Born: Dec. 7, 1922
Allisonville Meadows Assisted Living
Arthur L. Carter was standing in line waiting to go through the Army enlistment process when a stranger approached and asked him if he had thought about becoming a member of the U.S. Army Air Force.
The attack on Pearl Harbor had happened on Carter’s 19th birthday, Dec. 7, 1941 weeks earlier. The nation was at war. The stranger was a sergeant recruiting African American men for a government experiment.
“He said, ‘You look like you might make a good pilot,’ and then he took me into the Army Air Force office at the old K of C Building Downtown,” Carter said. “That’s how I became a cadet in the Black Air Force.”
Carter served three years as one of the Tuskegee Airmen, from October 1942 until the end of World War II. The Tuskegee Airmen were American’s first Black military airmen, assigned to become pilots in an effort to break the race barrier.
The overwhelming opinion of many was Blacks did not have the intelligence to be pilots. After unrelenting pressure from civil rights organizations, the Tuskegee Airmen became the 332nd Fighter Group and the 477th Bombardment Group. They were trained at Tuskegee Army Air Field at Tuskegee University, which was founded by Booker T. Washington, and at Moton Field 10 miles away.
Between 1941 and 1946 more than 1,000 Black pilots were trained at Tuskegee, Alabama. Many did not make the cut to fly. Those who did had one of the lowest loss records of all the escort fighter groups. Collectively, the Tuskegee Airmen received Presidential Unit Citations, 50 Distinguished Flying Crosses and eight Purple Hearts.
Thirty of the pilots were from Indiana and 13 of them, including Carter, were graduates of Crispus Attucks High School. Sixty-eight Tuskegee Airmen were killed during the war; 32 were captured as prisoners of war.
“It was a wonderful three years,” said Carter, 91.
Carter said he washed out twice attempting landings. The first time the plane did a ground loop, he was hospitalized for 10 days, but once he had healed, his superiors ordered him back into an aircraft. He washed out again and this time was assigned to be an aircraft engineer. He also worked in the offices because he knew how to type, he said.
After discharge, Carter was disappointed to find little in race relations had changed outside of the military. Inside, the men who became officers were not allowed to serve over white enlistees.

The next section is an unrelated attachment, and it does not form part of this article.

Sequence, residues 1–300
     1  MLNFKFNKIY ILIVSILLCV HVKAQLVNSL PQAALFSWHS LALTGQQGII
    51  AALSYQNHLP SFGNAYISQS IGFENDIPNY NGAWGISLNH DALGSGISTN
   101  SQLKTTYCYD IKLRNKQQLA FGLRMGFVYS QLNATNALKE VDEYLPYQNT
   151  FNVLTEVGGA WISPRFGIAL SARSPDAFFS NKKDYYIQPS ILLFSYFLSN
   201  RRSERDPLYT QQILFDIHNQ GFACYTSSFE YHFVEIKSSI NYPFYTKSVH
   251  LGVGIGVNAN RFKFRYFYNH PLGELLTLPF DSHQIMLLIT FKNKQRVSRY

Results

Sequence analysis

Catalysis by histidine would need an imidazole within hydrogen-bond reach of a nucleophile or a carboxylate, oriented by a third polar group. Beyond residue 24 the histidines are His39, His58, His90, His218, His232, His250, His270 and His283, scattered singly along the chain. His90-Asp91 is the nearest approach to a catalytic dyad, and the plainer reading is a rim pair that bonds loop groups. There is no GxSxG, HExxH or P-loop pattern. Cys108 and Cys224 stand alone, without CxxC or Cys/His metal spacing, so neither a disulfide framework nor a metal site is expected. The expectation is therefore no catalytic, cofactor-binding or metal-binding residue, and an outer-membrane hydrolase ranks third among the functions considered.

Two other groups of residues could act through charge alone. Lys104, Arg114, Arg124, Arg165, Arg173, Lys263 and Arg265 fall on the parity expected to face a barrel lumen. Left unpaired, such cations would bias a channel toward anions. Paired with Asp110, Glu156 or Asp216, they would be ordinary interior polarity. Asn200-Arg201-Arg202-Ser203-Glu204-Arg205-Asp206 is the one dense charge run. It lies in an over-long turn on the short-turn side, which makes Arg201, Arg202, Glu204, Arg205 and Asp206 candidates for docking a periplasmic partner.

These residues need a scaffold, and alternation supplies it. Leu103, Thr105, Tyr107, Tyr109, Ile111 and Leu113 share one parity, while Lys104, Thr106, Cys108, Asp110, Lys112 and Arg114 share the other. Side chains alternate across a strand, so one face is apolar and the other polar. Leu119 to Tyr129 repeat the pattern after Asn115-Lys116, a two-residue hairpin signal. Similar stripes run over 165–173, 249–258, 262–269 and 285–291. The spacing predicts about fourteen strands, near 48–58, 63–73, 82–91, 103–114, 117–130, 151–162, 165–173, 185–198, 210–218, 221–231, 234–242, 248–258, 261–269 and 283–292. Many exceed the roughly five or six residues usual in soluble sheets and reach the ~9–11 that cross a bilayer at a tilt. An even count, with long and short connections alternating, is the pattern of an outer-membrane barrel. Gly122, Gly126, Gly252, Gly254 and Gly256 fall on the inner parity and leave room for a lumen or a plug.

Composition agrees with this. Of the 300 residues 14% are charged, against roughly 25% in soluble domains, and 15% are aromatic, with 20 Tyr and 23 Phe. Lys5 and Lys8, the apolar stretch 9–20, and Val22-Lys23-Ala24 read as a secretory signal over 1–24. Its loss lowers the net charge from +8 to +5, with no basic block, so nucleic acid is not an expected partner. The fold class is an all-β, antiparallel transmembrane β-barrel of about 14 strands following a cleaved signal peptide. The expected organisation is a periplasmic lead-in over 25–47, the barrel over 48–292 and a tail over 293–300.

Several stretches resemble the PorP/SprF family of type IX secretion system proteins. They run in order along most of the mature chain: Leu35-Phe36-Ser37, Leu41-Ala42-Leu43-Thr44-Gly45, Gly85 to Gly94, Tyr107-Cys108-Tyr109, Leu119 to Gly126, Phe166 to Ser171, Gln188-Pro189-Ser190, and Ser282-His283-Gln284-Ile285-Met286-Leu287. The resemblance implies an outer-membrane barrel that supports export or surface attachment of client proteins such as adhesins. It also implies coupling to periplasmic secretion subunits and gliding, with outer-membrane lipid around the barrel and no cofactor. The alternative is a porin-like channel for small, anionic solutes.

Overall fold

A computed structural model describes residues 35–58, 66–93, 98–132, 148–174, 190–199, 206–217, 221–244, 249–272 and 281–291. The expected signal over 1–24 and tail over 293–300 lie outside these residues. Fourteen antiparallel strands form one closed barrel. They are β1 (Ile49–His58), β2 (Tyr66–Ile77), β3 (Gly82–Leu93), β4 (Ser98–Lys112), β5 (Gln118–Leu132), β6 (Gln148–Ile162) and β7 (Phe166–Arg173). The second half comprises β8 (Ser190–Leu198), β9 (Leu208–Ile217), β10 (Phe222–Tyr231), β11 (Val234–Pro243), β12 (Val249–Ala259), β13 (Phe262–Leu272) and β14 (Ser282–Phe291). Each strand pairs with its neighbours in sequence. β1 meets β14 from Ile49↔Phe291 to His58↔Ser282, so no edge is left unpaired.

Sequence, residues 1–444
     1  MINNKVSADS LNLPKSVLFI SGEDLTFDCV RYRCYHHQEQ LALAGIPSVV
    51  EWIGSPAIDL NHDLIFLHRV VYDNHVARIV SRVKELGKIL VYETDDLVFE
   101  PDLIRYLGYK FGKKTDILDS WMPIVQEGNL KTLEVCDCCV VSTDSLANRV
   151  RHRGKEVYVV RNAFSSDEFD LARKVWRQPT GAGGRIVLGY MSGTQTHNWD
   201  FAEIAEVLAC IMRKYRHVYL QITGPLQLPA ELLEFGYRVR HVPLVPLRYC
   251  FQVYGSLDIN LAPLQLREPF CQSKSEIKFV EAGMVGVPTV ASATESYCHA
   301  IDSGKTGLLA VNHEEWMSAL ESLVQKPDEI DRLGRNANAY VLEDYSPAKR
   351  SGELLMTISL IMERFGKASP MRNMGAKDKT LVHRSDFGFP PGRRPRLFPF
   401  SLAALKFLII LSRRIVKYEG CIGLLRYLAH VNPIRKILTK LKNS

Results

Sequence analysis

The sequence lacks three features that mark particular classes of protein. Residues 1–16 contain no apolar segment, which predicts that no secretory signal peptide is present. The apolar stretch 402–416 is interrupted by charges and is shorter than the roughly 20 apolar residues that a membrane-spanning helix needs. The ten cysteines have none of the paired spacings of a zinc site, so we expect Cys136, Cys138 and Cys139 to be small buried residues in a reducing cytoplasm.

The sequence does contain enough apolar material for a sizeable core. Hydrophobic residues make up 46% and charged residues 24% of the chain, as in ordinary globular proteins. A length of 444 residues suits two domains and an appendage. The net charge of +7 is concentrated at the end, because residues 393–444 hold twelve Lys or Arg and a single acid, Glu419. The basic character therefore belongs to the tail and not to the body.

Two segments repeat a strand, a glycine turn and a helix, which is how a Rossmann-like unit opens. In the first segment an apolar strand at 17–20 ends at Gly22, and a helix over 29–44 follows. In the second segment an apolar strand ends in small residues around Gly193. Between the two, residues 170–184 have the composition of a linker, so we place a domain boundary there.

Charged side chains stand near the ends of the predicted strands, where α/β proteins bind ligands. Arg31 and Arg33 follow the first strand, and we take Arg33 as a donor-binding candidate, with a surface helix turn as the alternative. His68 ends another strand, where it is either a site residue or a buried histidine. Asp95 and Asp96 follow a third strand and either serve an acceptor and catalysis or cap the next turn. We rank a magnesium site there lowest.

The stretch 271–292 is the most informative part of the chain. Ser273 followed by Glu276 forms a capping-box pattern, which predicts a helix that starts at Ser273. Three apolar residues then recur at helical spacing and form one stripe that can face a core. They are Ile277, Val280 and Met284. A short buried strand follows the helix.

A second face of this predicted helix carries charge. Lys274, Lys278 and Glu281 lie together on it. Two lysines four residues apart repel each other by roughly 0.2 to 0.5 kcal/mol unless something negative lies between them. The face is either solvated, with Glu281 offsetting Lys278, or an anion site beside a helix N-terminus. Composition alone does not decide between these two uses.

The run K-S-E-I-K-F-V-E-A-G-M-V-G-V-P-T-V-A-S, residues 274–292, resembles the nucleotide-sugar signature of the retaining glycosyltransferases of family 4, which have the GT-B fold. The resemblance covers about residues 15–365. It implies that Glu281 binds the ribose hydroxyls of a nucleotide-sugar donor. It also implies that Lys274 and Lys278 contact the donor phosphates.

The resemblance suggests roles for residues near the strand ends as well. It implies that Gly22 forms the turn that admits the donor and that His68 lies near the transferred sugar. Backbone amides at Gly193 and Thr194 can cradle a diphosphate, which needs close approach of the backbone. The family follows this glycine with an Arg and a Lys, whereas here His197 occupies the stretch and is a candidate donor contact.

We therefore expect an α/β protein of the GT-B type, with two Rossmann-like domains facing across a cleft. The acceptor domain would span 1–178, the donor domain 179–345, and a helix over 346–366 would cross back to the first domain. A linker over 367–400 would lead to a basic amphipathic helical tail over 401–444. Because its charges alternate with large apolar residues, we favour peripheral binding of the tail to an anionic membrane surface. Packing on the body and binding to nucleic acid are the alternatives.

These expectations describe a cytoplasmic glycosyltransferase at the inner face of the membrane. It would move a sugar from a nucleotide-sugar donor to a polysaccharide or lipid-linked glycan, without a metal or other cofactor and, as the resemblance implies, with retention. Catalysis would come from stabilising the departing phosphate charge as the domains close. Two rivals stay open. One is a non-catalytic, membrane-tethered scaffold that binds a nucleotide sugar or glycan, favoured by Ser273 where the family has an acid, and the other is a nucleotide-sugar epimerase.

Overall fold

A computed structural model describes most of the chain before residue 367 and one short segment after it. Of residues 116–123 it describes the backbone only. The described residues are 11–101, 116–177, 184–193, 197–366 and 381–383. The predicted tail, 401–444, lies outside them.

He returned to his wife who he had married before going to Tuskegee and to Indiana University where he majored in accounting. The couple had four children: Lennie Carter, Arthur Jr., Dr. John Dale Carter and Mary Ann Dickerson. A 5th child, a son, died in infancy, he said.
Carter worked as a tax accountant for the Internal Revenue Service and the General Accounting Office and also operated his own accounting practice and a poplar travel agency, Twilight Travel Agency.
Carter was active in several civic groups. He was an honored member and leader of Kappa Alpha Psi fraternity and Boy Scouts of America, from which he received the Silver Beaver Award for his 27 years of service to scouting.
Former Gov. Evan Bayh made him a Sagamore of the Wabash, a tribute made by Indiana governors to individuals for service to the state and nation. Former Gov. Mitch Daniels gave him the Governor’s Award for Military Service. He also received the Congressional Gold Medal. Kappa Alpha Psi honored him with the Laurel Wreath Award.
Three years after Carter was discharged from the Army Air Force, which became the U.S. Air Force, President Harry Truman enacted Executive Order No. 9981. This order directed equality of treatment and opportunity in all of the United States Armed Forces, which in time led to the end of racial segregation in the U.S. military forces.
In 1998, Congress authorized $29 million for the Tuskegee Airmen National Historic Site at Tuskegee University. To date, less than $4 million of that amount has actually been appropriated.